Ok. I admit it. I’ve worked in housing for many years and I’d not seen Cathy Come Home. When people mentioned it I’d nod knowingly and quickly move the conversation on.
Well, enough was enough. So last night I watched the famous Ken Loach film.
And while the documentary turns 50 in November it was still a hard-hitting, incisive and emotional story of how a family can, through some poor luck and a couple of bad choices, fall to the deepest depths – and be failed by the society around them.
When it aired in 1966, 12 million people watched, a quarter of the population, caused a public outcry, a discussion in parliament and a swell of support for Crisis and Shelter, which were set up within a year of broadcast.
But what has changed?
The slums have gone, and families are no longer split apart, but in a BBC Inside Out interview marking the 40th anniversary, Ken was unconvinced by the lasting impact of his iconic film.
And when he spoke at the National Housing Federation’s Homes for Britain rally last year he said, simply, ‘it is much worse now’.
So what can we learn from the 50-year-old film today?
The spiral can be sharp and fast
The descent from happy couple with a child on the way, living comfortably and dreaming big was rapid. An accident at work, an illness, family and financial breakdown can escalate quickly. Cathy and Reg were an ordinary, everyday family – it could easily have been me and my family.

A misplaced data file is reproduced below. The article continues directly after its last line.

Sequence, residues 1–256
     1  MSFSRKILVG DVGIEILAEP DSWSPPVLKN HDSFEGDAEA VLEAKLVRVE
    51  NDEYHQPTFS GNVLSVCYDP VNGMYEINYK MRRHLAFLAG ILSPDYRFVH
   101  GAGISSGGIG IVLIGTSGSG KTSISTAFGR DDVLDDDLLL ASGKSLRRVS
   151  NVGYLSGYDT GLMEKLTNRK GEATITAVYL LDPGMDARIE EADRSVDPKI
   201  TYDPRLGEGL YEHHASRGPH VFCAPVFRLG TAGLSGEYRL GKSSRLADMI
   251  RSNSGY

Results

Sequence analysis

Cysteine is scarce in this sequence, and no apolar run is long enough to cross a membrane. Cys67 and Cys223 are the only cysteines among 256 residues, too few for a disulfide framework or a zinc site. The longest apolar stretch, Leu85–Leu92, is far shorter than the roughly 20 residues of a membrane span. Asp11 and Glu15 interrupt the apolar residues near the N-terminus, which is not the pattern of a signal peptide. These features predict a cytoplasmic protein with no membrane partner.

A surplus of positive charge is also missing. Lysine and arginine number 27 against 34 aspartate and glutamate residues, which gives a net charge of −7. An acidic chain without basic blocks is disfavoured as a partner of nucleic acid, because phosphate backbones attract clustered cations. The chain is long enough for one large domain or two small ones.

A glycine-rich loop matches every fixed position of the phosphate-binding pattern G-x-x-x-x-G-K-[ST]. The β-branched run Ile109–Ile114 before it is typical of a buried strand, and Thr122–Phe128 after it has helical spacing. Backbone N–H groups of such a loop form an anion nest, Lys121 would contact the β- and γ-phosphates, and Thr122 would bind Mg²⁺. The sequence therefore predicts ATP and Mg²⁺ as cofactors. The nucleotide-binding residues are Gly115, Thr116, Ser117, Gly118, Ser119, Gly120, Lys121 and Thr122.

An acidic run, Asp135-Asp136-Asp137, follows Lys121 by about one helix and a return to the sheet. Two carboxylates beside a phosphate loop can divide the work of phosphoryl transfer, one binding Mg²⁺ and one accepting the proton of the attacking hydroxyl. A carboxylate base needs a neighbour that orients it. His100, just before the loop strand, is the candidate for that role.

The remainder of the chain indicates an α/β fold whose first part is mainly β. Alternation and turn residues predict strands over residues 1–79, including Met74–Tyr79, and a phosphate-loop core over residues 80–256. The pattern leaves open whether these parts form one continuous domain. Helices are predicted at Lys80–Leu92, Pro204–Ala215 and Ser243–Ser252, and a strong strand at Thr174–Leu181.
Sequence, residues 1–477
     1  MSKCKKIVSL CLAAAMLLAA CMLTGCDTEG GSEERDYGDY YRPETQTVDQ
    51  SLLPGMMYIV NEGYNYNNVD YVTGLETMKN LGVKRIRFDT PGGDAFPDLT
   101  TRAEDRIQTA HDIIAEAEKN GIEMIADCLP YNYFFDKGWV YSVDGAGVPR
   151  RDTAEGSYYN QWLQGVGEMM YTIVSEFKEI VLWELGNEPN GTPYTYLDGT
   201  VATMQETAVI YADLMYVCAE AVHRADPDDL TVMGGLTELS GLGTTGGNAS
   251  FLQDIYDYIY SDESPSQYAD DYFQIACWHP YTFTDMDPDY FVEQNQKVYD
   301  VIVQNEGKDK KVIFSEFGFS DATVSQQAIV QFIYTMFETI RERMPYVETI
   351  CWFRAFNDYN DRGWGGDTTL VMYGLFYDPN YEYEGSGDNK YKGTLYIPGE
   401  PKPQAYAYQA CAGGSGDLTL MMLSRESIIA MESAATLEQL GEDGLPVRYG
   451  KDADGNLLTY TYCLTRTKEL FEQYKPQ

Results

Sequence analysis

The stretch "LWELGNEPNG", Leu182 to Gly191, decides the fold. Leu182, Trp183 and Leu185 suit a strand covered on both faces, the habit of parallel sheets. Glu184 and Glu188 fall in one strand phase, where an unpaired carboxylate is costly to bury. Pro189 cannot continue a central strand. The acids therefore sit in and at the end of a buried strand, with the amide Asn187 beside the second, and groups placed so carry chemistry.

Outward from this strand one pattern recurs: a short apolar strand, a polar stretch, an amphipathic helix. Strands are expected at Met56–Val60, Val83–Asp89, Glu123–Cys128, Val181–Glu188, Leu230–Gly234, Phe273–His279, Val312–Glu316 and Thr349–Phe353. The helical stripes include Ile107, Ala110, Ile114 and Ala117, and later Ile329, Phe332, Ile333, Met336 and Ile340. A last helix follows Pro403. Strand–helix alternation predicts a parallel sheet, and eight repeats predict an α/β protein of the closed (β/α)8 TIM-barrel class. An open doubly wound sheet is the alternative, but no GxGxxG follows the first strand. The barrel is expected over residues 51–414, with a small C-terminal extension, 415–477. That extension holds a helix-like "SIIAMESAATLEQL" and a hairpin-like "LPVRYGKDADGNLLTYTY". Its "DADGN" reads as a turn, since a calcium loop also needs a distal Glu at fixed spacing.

And without a home, a stable place to build from, it is hard to put the other bits of your life together – as this graphic from Homeless Link starkly sums up.
Meanwhile The Guardian featured an article on how poor housing affects mental health.
It found children who’ve lived in temporary accommodation for over a year are three times as likely to have mental health problems, including depression and anxiety, compared to their peers.
We’ve not changed our language
We still have a problem about how we talk about people in housing need.
In 1966 you’d hear words like ‘scrounger’, ‘lay about’ and ‘lazy’. That language wasn’t out of place in the skivers v strivers debate a few years ago.
Language matters. How we talk about poverty shapes the policies we create to tackle it.
There’s a great Open University podcast, The Language of Poverty, featuring political commentator @OwenJones84 and social policy lecturer @GerryMooney60, if you want to hear more about this.
We need a new film – but we need a movement more
The film was powerful. 50 years ago many were upset, many supported the emerging charities such as Shelter or Crisis.
So while much has changed, much has stayed the same too.
It made me want to grab a camera and film a new Cathy Come Home, for 2016 – anyone interested?
But as Ken said: “A film isn’t a movement, it’s just a film. A film can agitate a little, illustrate, but it’s part of the process. Unless you organise, nothing much will happen – people turn off the telly or walk out of the cinema and that’s it.”
The captive BBC audience has gone, but the rise of social media would help spread a powerful idea and the issue quickly.
But to solve the housing crisis – tackling homelessness right through to affordable homeownership – can only be possible with a collective, committed long term plan involving government, house builders, local authorities, housing associations and charities.
So when Cathy turns 60, in 2026, I hope we can say how bad things used to be, not be reminded of how far we have to go.